Bite Size Economics

Discuss this quote: "America's support for human rights and democracy is our noblest export to the world." - William Bennett

Bite Size Economics

Have students list all the extra-curricular activities they could participate in for the first semester, including sports, clubs and competitions. Discuss that scarcity of time forces them to choose between several activities they may be interested in.

Bite Size Economics

Discuss investing in a savings account to earn interest (payment made for the use of your money). Show how interest is compounded. For example: $100x5% annual interest = $105 in a year 1; $105x5% annual interest = $110.25 in year 2; $110.25x5% annual interest = $115.76 in year 3. Ask students to use calculators to figure the savings account totals in years 4 and 5. (Year 4 = $121.55; Year 5 = $127.63)

Bite Size Economics

Ask students to make a list of items that they would like to purchase in six months, including the estimated cost. Ask them to select on item and divide the cost by 6 for a monthly amount to save. Have them divide the monthly amount by 4 for a weekly savings amount. Ask if it would be a realistic weekly savings goal. If not, what would they do to make this a goal they could reach?

Bite Size Economics

Research the United States' top 15 trading partners by going to: www.census.gov/foreign-trade/statistics/highlights/topcurmon.html. Create a bar chart that shows three things: U.S. total trade with its top 15 trading partners, U.S. exports with its top 15 trading partners; and U.S. imports with its top 15 trading partners. Discuss the graph and what it shows about U.S. trade.

Bite Size Economics

Introduce the Federal Trade Commission's Bureau of Consumer Protection as our nation's consumer protection agency. Its job is to prevent fraud, deception and unfair business practices. Have students research the seven divisions of this agency by going to: www.ftc.gov/bcp/about.shtm. Discuss the importance of each division to consumers.

Bite Size Economics

Many students think about running their own business as adults. Ask students to brainstorm types of businesses that interest them. Invite a local business owner from an area of interest to speak to the class about his/her experiences. Prepare for the speaker by making a list of interview questions related to running a business.

Bite Size Economics

Research the household savings rates of several different countries. Make a chart comparing the rates. Which country's rate is the highest? What are some possible reasons for this?

Bite Size Economics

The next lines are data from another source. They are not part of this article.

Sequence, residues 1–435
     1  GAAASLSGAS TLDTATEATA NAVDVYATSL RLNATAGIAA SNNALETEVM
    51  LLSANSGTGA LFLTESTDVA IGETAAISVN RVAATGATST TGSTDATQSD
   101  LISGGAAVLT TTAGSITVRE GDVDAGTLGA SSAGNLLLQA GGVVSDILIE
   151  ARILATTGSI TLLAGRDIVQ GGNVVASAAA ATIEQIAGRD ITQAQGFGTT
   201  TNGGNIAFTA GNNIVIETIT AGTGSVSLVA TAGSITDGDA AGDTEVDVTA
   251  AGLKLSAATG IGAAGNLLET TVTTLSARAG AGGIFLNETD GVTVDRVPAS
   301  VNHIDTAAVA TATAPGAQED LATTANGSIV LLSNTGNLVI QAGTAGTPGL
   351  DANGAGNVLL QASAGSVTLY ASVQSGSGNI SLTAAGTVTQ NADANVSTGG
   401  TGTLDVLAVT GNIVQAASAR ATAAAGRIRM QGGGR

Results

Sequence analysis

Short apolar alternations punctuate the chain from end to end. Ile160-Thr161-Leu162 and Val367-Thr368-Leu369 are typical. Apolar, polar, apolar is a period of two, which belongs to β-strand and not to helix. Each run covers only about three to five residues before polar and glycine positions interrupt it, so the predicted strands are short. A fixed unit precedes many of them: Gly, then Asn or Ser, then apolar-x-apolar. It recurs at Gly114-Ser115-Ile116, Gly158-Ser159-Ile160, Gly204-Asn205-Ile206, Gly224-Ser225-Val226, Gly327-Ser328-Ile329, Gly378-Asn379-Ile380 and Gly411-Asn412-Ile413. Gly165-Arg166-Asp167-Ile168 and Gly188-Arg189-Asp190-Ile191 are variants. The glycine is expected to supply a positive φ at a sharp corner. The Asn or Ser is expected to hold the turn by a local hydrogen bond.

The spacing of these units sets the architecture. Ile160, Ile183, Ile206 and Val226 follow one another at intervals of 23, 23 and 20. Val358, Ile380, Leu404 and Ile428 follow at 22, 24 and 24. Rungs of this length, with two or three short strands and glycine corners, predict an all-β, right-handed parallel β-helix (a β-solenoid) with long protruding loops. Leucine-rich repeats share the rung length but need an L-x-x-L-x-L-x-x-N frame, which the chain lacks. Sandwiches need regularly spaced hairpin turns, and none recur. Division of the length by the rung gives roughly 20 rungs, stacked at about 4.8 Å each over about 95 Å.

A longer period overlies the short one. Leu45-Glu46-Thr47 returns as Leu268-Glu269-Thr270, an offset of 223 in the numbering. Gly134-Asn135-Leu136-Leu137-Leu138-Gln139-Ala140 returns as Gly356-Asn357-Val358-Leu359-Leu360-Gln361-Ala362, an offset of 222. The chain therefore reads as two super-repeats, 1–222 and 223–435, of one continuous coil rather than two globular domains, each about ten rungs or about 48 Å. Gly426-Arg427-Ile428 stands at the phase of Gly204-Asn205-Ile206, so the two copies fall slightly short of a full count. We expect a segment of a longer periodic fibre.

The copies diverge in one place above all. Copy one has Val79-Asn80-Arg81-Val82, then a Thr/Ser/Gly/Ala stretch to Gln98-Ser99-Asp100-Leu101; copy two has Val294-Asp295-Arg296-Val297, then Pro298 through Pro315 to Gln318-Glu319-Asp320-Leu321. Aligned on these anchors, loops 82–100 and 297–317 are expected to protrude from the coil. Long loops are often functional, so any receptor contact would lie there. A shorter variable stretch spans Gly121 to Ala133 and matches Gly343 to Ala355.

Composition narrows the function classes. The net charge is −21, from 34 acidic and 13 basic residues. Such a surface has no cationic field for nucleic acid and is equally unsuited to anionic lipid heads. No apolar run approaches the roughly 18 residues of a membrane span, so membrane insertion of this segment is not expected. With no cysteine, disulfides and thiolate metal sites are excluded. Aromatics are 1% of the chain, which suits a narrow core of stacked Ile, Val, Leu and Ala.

Create a PACED (Problem, Alternatives, Criteria, Evaluate, Decision) grid to determine the costs and benefits of a used car decision. Possible criteria include model; year; gas mileage; and insurance costs. Visit www.econedlink.org/lessons/docs_lessons/463_PACED1.pdf for a sample grid.

Bite Size Economics

Use the Recession Lesson "Navigating the Fear of the Unknown" (http://kansascityfed.org/publicat/education/teachingresources/RecessionLesson-EconomicUncertainty.pdf) to learn about the role that economic uncertainty played during the recent recession for businesses and consumers.

Bite Size Economics

Research the meaning of marginal cost and marginal benefit. Businesses think on the margin, deciding whether the benefit of producing one more unit would be greater than or less than the cost. Share an example of this marginal cost/benefit situation from your research.

Bite Size Economics

Debate the pros and cons of using money as an incentive for getting higher grades. Is this a good practice? Will this encourage students to work harder for grades?

Bite Size Economics

Introduce the concepts of producers and consumers. Brainstorm a list of producers, such as artists, bakers, farmers and manufacturers of different products. Ask students to role-play various producers as they create their products. Have classmates guess what good or service each producer provides for consumers.

Bite Size Economics

Introduce certificates of deposit and savings bonds as two ways to invest money. Look at the financial website: http://financialplan.about.com/od/savingmoney/a/wheretokeepsave.htm. Compare and contrast these two methods of saving to look at the advantages and disadvantages of each.

Bite Size Economics

Discuss Halloween and the practice of "trick-or-treating." Would this holiday be as much fun if the incentive of candy wasn't given out to trick or treaters? Would you still want to "trick-or-treat?" The "treat" can influence the behavior of kids. Take a survey to decide which type of treat is the best incentive: chocolate bars, fruit-flavored candy, gum and other choices.